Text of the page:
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Dry stagnation temps in drainback thermal can be damaging?
Over the past few weeks I've been reconditioning some old Solaron collectors. The collectors were originally installed atop a university building in Kansas, I believe in the 1970s. I don't know all the details of the system but it was 200+ collectors. It never worked properly and was removed a couple years ago when the roof needed repair. I assume the collectors have been allowed to stagnate for years. Some of them showed signs of previous leak repairs, others I had to repair due to physical damage. The absorbers are copper tube on copper sheet, soldered where the tubes lay in formed channels on the sheet. When I had them apart I noticed the solder looked like it had melted and actually dripped in some places. It was ugly but I thought they must have been manufactured that way. There still seemed to be a decent mechanical and thermal bond so I didn't think much of it.
Last week I got some of the collectors up on the roof. Within an hour or two they were at 380 degrees and still climbing. I didn't expect they would ever get that hot. I took a sample of the solder from a spare collector and it seems to be normal 60/40 with a melting point of 370. So now I know why the solder on the absorbers looked like it had been dripping, it was. At this point there's not much I can do. I had been under the impression that dry collectors would not be damaged by overheating, one of the advantages of a drainback system. I sized the system for my winter space heating load, assuming that the collectors could sit dry for most of the summer without damage.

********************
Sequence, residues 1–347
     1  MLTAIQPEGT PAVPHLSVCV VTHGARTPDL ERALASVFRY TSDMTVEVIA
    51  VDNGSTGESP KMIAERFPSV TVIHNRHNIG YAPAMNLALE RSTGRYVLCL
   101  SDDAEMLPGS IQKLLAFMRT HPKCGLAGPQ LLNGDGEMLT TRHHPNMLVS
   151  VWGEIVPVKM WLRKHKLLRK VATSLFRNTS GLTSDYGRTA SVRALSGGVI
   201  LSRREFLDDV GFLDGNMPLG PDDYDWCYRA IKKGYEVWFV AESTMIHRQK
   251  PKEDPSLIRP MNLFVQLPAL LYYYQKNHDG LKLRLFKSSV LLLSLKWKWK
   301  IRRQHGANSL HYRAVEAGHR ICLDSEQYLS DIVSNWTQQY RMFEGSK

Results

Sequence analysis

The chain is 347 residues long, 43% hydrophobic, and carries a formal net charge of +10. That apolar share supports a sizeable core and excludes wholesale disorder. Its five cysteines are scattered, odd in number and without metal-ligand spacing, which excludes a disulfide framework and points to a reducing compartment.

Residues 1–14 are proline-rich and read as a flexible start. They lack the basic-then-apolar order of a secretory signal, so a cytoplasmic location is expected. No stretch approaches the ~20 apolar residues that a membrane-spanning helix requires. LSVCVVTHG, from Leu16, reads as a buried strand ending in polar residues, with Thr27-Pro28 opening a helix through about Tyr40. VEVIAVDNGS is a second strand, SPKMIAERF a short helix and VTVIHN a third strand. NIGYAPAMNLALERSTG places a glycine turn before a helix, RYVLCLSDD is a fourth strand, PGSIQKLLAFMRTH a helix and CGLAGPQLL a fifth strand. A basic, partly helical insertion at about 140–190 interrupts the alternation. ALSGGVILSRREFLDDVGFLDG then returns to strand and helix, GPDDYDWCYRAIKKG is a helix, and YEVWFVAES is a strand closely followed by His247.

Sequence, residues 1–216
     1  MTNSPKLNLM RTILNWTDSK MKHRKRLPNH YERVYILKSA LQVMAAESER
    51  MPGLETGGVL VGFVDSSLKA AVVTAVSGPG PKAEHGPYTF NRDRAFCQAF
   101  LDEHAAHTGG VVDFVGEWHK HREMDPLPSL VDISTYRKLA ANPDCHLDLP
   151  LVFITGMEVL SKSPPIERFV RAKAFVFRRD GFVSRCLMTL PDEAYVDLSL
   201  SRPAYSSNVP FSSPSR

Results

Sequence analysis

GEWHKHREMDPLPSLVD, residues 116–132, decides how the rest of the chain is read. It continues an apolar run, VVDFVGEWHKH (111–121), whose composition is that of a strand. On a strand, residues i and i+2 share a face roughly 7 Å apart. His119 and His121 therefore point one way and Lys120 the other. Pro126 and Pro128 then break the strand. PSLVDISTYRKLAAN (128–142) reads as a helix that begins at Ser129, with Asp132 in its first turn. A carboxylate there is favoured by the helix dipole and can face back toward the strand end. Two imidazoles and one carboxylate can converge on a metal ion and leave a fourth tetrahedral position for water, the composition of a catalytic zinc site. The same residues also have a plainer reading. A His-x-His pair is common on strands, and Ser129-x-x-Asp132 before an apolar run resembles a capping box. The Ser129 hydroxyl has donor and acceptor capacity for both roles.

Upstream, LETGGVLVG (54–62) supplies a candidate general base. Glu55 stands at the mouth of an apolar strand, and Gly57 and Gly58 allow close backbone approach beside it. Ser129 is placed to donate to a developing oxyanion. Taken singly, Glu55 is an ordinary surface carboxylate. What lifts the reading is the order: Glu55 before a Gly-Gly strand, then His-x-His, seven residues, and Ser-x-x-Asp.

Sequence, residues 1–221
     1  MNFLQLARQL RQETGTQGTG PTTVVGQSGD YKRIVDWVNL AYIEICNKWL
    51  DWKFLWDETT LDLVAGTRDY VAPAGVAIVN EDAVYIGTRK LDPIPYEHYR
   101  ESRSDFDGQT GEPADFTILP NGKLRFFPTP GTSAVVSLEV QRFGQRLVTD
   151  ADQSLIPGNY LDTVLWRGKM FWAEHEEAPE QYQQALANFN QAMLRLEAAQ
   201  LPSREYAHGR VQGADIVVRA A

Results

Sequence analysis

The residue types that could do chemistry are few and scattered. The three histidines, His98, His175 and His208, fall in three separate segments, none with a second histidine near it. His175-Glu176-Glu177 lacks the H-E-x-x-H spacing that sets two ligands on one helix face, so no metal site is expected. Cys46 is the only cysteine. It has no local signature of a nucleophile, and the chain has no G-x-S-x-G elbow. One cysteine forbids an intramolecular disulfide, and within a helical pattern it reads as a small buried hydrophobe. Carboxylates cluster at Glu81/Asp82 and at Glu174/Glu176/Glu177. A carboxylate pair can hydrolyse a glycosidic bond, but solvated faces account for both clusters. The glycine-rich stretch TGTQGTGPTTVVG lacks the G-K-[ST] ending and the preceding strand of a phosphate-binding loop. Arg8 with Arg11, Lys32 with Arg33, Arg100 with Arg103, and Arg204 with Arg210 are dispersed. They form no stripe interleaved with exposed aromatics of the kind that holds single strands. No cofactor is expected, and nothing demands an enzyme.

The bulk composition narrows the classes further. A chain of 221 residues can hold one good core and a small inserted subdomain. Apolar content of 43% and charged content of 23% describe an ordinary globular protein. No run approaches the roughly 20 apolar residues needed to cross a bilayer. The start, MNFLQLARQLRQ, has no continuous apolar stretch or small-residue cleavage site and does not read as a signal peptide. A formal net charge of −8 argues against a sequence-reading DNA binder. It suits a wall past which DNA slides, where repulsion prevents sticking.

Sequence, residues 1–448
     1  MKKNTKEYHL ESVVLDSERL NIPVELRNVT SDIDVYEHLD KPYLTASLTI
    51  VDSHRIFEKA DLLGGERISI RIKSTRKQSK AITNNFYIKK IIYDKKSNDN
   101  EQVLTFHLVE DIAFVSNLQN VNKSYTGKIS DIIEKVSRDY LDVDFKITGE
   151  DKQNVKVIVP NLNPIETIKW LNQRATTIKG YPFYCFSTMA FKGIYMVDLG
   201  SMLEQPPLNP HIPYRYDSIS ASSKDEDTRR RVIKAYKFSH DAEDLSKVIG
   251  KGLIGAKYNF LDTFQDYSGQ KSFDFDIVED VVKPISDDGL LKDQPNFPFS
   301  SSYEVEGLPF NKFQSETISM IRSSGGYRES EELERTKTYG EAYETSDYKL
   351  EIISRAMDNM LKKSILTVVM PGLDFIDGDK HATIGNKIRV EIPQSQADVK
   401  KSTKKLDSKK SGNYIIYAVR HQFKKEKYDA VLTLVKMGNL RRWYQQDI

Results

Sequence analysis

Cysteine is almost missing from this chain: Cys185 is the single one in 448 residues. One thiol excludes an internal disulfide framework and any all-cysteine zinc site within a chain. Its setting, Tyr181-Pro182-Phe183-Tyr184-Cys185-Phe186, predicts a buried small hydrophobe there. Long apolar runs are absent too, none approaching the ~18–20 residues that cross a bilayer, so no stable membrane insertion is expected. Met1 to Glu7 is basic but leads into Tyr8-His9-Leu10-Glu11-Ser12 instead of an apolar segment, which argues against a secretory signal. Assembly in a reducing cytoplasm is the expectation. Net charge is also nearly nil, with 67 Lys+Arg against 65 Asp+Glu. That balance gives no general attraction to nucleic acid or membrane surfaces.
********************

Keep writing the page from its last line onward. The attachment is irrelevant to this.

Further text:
I guess I'm just looking for any comments or suggestions. Any damage to the collectors has already been done, and was surely done years ago. It just doesn't seem right to have the solder in the collectors becoming liquid every day when the sun comes up.